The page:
Russian-Ukrainian War Live: Moscow plans to link Zaporzhzhia nuclear power plant to Crimea, operator warns | Ukraine

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Russia plans to connect a nuclear power plant to Crimea, according to the Ukrainian operator

Russian forces occupying the Zaporizhzhia nuclear power plant in southeastern Ukraine are preparing to link the plant to Crimea, annexed by Moscow in 2014, and damage it by redirecting its electricity production, a warned the Ukrainian operator Energoatom.

Zaporizhzhia is Europe’s largest nuclear power plant and was occupied by Russia at the start of its invasion.

Energoatom chairman Petro Kotin told Reuters news agency that Russia wants to connect the plant to its grid, a technically difficult process that requires the facility to be separated from the Ukrainian system before it can be phased in connected to the Russian system.

Their plan is to damage all the lines of the Zaporizhzhia nuclear power plant. After that, it will no longer be connected to the Ukrainian electricity system,” he said.

Kotin also told Ukrainian television and Interfax Press Agency:

The Russian military present at the Zaporizhzhia nuclear power plant implement the program of [Russian operator] Rosatom aimed to connect the plant to the Crimean power grid.

To do this, you must first damage the power lines of the power plant connected to the Ukrainian energy system. From August 7 to 9, the Russians have already damaged three power lines. Currently, the factory operates with a single production line, which is an extremely dangerous way of working.

When the last production line is disconnected, the plant will be powered by generators running on diesel. Everything will then depend on their reliability and their fuel stocks.

The process of disabling the plant in preparation for connecting to Russia would be extremely dangerous, Kotin warned.

At the ZNPP, we are already very close to this first stage of Fukushima-1, because there is only one line. As soon as it is turned off, the station will switch to diesel, and after that everything will depend on the reliability of their work and the sufficiency of the fuel that is there for diesel engines at ZNPP.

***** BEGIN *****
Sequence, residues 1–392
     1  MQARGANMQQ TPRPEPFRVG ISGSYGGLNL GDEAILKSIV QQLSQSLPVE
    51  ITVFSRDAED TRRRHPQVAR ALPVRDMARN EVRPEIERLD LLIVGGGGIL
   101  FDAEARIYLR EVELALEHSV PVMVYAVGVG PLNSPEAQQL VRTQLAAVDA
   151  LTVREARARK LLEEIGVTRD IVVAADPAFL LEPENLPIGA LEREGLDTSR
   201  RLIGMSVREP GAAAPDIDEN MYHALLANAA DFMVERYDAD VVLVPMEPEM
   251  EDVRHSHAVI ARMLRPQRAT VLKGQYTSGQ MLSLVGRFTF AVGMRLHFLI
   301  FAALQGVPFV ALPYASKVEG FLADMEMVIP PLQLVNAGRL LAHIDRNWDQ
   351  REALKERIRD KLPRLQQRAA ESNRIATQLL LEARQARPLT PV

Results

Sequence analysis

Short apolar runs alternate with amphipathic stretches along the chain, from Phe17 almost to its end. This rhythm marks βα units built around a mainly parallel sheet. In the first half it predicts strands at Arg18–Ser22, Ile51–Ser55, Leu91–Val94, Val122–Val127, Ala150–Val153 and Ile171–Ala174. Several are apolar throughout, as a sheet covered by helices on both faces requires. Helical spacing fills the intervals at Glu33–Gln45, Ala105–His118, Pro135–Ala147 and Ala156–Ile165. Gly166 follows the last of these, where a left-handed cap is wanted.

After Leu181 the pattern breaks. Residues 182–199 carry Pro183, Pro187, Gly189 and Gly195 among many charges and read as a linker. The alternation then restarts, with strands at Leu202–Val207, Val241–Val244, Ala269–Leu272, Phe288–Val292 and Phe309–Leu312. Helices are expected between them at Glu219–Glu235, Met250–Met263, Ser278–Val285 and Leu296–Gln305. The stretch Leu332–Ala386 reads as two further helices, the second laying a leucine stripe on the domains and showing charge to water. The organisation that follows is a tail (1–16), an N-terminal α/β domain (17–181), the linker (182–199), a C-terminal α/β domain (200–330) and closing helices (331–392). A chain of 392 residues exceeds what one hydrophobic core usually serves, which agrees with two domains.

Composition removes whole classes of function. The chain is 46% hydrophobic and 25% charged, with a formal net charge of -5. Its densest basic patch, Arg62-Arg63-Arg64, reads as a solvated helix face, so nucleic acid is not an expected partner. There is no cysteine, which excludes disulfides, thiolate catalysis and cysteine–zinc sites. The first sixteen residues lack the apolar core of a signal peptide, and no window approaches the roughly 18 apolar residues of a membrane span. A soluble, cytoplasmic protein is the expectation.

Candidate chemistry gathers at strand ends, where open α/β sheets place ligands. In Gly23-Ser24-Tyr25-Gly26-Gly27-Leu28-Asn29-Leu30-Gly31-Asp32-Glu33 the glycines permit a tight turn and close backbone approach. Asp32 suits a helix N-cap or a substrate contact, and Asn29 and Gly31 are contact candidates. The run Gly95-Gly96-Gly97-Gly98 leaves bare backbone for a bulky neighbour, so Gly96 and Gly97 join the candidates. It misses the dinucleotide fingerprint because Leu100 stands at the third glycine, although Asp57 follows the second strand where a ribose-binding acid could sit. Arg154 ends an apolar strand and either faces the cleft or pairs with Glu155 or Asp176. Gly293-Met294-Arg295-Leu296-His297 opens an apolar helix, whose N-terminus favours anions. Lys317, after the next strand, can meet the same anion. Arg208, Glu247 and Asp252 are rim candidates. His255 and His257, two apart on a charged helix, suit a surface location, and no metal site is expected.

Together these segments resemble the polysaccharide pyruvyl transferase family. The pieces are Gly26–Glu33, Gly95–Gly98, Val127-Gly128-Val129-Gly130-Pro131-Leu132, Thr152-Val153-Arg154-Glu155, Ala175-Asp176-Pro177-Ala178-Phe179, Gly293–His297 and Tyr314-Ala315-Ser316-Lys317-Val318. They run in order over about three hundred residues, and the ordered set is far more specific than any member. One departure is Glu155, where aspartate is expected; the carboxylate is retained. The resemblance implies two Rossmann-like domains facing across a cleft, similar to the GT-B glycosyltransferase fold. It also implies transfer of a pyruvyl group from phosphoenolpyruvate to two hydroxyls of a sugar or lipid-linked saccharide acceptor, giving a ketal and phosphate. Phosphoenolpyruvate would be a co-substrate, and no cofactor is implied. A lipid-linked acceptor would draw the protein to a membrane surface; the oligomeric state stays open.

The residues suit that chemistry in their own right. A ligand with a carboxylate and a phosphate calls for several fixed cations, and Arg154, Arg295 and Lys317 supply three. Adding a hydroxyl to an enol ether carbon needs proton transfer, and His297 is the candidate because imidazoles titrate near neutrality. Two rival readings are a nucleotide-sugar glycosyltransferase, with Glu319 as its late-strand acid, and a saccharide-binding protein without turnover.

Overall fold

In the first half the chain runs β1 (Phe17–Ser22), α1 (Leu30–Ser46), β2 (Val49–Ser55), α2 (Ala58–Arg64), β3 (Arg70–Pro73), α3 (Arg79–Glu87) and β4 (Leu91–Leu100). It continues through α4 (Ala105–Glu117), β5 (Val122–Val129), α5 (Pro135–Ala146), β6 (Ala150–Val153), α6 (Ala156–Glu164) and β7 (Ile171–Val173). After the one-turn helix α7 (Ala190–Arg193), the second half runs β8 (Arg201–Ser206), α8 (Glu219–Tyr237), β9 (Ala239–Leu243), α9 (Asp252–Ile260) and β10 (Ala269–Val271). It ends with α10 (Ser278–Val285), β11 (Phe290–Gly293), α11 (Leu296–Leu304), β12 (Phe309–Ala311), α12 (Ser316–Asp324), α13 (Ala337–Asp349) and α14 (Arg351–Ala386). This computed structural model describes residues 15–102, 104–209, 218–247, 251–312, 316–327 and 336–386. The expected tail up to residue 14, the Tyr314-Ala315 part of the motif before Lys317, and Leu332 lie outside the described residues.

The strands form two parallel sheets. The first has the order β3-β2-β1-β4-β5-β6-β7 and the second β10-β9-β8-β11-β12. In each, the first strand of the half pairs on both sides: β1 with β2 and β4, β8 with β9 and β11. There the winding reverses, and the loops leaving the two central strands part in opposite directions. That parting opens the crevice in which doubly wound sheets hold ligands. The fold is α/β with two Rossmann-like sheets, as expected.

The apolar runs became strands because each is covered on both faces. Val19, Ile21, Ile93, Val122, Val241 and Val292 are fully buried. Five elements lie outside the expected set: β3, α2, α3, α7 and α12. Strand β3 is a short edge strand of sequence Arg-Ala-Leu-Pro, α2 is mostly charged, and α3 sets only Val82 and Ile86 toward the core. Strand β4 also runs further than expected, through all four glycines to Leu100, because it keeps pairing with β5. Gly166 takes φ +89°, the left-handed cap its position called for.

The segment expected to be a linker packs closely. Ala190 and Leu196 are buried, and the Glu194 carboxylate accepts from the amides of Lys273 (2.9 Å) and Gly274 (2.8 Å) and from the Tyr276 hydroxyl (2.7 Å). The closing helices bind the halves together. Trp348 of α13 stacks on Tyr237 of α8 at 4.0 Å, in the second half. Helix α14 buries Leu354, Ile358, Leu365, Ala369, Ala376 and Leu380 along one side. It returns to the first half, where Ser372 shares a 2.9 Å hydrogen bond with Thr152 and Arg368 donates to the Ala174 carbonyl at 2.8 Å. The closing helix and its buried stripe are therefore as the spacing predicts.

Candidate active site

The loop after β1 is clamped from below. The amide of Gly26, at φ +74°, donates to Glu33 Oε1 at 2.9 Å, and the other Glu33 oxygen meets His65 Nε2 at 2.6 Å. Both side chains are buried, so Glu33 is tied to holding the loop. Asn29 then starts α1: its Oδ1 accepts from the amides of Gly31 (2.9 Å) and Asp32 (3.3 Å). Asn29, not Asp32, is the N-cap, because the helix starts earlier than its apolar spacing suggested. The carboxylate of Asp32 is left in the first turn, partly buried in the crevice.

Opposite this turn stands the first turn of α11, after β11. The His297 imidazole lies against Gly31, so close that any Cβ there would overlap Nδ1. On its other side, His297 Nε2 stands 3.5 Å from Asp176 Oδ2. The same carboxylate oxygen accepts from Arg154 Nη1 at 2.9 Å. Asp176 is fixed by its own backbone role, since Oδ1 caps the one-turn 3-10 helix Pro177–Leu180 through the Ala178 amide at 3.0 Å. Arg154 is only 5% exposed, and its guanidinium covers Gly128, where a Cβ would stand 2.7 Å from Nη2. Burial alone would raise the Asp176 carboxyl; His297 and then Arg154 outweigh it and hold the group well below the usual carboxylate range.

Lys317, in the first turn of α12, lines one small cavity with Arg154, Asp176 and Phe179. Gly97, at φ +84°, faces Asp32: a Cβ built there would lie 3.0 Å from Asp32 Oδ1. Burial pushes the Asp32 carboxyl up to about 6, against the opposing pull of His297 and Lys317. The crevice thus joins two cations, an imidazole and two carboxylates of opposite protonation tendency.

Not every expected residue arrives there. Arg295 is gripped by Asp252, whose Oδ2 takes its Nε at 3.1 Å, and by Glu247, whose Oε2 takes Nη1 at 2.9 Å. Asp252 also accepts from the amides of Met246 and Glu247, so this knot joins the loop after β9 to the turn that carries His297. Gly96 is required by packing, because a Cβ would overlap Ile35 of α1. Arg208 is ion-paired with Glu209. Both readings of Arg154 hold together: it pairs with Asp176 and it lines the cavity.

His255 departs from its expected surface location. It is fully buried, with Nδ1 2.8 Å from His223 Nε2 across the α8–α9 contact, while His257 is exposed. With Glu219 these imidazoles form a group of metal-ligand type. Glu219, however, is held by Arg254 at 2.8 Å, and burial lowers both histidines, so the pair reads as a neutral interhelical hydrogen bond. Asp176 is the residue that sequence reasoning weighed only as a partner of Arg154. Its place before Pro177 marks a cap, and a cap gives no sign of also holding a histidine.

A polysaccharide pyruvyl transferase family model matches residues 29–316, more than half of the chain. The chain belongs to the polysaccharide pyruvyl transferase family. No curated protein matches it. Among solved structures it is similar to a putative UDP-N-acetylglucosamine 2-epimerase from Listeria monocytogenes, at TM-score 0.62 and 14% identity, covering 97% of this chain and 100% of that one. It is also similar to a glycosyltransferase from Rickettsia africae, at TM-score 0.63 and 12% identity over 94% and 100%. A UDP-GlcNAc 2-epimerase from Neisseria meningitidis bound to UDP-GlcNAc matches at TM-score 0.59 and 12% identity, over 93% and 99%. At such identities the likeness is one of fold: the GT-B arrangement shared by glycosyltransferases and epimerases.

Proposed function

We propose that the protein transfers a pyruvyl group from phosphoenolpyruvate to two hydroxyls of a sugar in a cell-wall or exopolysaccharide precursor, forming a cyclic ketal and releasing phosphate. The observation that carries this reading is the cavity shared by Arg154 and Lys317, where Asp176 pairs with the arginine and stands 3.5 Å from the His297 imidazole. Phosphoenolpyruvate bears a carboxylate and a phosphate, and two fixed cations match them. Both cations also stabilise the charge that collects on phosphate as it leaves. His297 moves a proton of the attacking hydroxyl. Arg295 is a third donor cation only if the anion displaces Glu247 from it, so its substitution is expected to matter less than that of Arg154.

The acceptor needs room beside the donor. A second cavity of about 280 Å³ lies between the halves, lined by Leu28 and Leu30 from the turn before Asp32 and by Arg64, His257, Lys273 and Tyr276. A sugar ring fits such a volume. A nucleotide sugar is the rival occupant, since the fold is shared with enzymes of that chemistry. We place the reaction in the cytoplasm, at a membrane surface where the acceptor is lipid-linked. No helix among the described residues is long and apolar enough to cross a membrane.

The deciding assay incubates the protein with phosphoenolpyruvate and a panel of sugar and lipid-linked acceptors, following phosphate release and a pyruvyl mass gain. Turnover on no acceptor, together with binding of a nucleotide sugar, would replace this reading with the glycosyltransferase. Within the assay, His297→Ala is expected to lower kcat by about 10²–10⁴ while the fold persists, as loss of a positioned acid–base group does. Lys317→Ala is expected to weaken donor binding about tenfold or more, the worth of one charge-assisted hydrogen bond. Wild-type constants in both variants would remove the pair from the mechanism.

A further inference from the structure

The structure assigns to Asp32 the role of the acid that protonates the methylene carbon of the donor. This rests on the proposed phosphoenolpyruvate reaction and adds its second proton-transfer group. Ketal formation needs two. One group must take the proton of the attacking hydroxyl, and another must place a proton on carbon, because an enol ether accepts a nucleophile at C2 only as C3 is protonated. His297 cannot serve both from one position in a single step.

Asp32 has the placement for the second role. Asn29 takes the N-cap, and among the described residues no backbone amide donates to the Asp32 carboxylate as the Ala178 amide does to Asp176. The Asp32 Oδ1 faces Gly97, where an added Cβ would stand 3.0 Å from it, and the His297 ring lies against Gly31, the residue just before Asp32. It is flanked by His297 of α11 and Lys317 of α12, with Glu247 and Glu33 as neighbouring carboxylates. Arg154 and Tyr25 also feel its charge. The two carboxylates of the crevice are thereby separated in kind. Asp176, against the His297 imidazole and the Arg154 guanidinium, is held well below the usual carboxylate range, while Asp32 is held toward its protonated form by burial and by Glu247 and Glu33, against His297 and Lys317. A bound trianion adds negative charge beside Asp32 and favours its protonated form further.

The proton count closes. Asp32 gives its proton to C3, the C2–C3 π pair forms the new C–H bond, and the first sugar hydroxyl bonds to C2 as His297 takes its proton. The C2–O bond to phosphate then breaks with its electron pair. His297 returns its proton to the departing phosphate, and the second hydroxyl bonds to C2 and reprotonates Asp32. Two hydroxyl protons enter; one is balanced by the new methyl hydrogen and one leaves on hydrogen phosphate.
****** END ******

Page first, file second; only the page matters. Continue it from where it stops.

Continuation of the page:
Kotin also spoke with CNNreiterating his claims that the Russians’ ultimate plan is to disconnect the power plant from Ukraine’s supply and connect it to the electricity grid to supply occupied Crimea.

If there is no grid connection, you cannot supply electricity from outside, diesel generators will start. But everything will depend on the reliability of these generators. … It’s a dangerous situation, because if it stops, you could have a nuclear material meltdown disaster,” he said, comparing the potential fallout to the Fukishima disaster in Japan.

If the situation gets worse, we have to think about our people at the factory. We plan how, in wartime conditions, we will be able to evacuate personnel.

A large release of radioactivity could occur from there. There could be a cloud, a radioactive cloud.

A Russian soldier stands guard near the Zaporizhzhia nuclear power plant on August 4. Photograph: Alexander Ermoshenko/Reuters

Located not far from the Crimean peninsula, the plant has six of Ukraine’s 15 reactors, capable of supplying electricity to four million homes.

Ukrainian President Volodymyr Zelenskiy on Monday raised the specter of a nuclear disaster after strikes on the plant.

And UN Secretary General Antonio Guterres has warned that any attack on a nuclear power plant would be “suicidal”.

“I hope these attacks will end, and at the same time I hope the IAEA can gain access to the plant,” he said on Monday.

Recent fighting around the plant has prompted the International Atomic Energy Agency (IAEA), the United Nations’ nuclear watchdog, to warn of the “very real risk of a nuclear disaster”.

Almost all of the 7 indispensable pillars of nuclear safety and security have now been breached, @RafaelMGrossi declared, reiterating his grave concern: “Any military action endangering nuclear safety and security must cease”. Again stressed the need for an IAEA expert mission to get to the plant as soon as possible